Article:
October 2005
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Starting out this month, I noticed this wisp of what at first glance appeared to be smoke, rising above the top of this tree.

On closer inspection it turned out that the "smoke" was actually composed of hundreds of tiny midges which had, for reasons unknown to me, decided to swarm above the tree. you can just make them out as small dots in the photograph on the right.

At the same time as I was photographing the midges in the tree a larger cousin of their's was keeping it eye, or should I say eyes on me.

I say 'eyes' because each eye of this hoverfly is actually made up dozens of individual parts to form what is known as a compound eye.

Here's something for you to think about, does a compound eye give you a compound image? as shown on the right.

While on the subject of flying insects, this time of the year starts to see the reduction in numbers of one of my least favorite insects - The Wasp.

Although at the time I photographed this one foraging around some dead wood, I have to say they are still too common for my liking.

Having registered my distaste for the insect, I must be fair and say that it is also a beneficial insect. It is predatory on other insects and their larvae and therefore helps to control other insect populations (still not keen on them).

Enough of flying creepy crawly's lets turn to the fluffy feathered types:-)

Often overlooked the House Sparrow is one of the common species of bird to be found in the U.K. and Greenheyes is no exception.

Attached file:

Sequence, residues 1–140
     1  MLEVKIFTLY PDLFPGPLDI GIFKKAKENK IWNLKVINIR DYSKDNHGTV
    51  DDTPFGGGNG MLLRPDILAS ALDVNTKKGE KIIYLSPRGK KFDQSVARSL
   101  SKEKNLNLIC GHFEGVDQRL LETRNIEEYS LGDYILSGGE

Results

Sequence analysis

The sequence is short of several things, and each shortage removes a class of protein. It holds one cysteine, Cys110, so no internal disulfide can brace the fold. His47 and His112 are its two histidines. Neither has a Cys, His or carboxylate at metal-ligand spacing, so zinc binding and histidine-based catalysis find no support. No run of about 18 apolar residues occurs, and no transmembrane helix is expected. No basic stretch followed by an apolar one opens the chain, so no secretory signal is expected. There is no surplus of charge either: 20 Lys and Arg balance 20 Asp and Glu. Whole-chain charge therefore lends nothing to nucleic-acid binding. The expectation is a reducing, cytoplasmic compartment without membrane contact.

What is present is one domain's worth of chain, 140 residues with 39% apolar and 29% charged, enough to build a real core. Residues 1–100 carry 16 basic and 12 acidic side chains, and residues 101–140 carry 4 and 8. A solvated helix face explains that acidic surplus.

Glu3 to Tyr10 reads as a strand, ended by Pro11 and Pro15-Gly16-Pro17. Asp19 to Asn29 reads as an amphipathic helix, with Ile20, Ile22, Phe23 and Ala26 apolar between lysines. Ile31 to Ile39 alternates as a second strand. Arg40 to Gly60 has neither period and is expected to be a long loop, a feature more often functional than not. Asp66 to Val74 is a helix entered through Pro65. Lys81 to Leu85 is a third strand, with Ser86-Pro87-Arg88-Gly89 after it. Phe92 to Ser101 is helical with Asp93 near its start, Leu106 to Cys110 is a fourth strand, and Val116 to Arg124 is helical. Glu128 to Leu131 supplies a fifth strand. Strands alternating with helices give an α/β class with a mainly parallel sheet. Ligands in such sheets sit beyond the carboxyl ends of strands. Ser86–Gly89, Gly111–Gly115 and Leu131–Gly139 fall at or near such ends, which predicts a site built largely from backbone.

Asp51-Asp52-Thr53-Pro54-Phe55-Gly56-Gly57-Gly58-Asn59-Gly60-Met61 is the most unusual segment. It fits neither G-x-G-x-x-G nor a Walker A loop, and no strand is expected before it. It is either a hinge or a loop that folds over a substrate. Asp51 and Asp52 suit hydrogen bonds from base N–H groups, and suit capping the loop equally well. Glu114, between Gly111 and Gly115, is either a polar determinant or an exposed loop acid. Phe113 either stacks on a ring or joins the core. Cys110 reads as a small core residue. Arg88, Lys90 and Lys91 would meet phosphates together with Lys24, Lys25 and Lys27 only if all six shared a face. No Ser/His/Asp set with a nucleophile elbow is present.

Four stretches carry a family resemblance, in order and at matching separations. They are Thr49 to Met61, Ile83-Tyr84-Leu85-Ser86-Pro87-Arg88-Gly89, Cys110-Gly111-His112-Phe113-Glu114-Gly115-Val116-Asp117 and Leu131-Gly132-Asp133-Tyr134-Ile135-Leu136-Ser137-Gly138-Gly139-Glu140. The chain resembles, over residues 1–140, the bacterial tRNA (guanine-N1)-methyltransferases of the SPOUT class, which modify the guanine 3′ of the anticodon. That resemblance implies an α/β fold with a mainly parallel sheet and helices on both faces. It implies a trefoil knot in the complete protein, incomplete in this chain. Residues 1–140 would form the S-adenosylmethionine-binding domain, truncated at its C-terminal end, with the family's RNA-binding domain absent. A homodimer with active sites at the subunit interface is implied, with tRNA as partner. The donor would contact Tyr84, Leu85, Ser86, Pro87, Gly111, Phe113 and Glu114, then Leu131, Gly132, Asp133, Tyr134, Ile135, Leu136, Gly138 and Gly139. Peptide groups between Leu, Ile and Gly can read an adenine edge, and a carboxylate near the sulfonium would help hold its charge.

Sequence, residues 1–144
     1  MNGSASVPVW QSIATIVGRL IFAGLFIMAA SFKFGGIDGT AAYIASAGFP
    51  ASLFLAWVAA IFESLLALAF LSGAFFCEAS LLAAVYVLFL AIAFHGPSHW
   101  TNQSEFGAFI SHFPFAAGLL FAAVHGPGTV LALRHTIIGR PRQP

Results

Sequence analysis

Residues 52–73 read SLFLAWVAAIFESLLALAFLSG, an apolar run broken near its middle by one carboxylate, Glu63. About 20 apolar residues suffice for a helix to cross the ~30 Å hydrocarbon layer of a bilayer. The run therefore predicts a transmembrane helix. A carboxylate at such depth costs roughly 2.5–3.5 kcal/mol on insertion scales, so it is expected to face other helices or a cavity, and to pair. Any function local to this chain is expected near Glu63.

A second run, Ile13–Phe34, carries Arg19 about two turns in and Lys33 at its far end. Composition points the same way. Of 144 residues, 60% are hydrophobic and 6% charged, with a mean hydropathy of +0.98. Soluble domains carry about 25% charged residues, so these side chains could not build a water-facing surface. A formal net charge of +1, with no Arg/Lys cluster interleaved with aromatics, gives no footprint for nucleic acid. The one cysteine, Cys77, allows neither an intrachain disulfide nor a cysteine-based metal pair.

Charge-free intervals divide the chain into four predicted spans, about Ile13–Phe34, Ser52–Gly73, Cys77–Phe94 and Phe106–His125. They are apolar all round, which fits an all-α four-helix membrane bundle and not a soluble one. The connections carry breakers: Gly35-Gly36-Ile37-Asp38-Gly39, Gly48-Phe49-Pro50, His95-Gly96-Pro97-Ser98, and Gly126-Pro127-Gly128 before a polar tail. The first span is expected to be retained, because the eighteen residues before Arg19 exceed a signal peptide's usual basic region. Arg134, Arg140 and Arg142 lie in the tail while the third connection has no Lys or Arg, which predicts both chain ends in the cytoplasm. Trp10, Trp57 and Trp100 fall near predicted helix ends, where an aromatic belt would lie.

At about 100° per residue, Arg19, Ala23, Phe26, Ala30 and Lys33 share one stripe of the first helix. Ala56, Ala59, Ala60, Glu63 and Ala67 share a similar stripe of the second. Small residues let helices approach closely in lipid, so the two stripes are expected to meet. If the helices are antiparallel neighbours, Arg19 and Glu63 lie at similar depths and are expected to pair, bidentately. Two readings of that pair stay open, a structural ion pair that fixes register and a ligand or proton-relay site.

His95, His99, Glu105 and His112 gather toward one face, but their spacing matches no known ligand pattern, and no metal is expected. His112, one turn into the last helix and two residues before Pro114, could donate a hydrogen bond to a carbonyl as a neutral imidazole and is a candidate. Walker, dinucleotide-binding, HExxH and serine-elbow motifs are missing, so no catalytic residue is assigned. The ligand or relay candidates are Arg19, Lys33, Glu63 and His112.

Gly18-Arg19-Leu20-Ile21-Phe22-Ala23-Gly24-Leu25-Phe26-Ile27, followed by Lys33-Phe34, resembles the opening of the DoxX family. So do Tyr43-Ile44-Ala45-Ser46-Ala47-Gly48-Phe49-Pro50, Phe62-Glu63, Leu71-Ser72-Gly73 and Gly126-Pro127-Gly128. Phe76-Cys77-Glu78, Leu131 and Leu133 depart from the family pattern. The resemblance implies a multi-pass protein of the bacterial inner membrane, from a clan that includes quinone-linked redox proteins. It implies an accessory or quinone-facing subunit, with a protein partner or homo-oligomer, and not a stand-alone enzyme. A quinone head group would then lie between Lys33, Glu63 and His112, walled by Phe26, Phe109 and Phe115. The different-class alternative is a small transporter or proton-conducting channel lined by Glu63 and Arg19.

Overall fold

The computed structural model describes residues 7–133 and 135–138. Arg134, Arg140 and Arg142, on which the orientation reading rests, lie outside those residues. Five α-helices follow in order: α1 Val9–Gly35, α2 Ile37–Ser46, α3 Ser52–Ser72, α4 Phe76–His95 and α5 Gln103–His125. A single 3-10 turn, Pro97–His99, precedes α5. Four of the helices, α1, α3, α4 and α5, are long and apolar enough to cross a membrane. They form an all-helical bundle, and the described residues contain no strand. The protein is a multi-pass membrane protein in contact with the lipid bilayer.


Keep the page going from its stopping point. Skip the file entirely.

The photograph on the right shows a female sparrow on the left and a malesparrow on the right.

Although they are common, at least aroud here their numbers are said by some to be on the decline.

Another common sight around Greenheyes is the Grey Wagtail.

This bird likes streams and fast moving watersides.

This one is pictured down by the water of the river dane.


Also enjoying the waters of ther river was this Moorhen.

It has a very distinct scarlet forehead and yellow beak, a characteristic streak of white along its sides and very noticable white tail plumage, as can be seen on this one swimming away after it was disturbed by my companion on the day "Smidge" the dog (should be known as "Smidge the PEST", when you're trying to take photographs).

Also disturbed by Smidge was this pheasant.

I don't know what concerned it the most the fact the there was a loonatic dog closing on it or that there was a shoot going on on the estate nextdoor.

It did a very good impression of a sensible chicken and flew away from both.

Now this is something you should keep away from.

This is a Death Cap fungi. It is HIGHLY POSIONOUS leave it alone. (Warning: I am not an expert when it comes to fungi. ALWAYS obtain expert advice before you pick and eat ANY fungi that you may find).

The Death Cap causes, first vomiting and then slow failure of the liver and kidneys.

It can be difficult to identify at first as it can have quite a range of colours. One warning sign is that it has a sweet, sickly smell.

As I have mentioned I am not an expert when it comes to fungi, and the name of this bracket fungi is unknown to me. Anyone any ideas?

Finally even this late in the year flowering plants are still to be found as this Himilayan Balsam demonstrates.

If you look closely you can see the seed pod of the plant forming. When brushed against they open explosively, throwing the seeds away from the parent plant.

See you next month.

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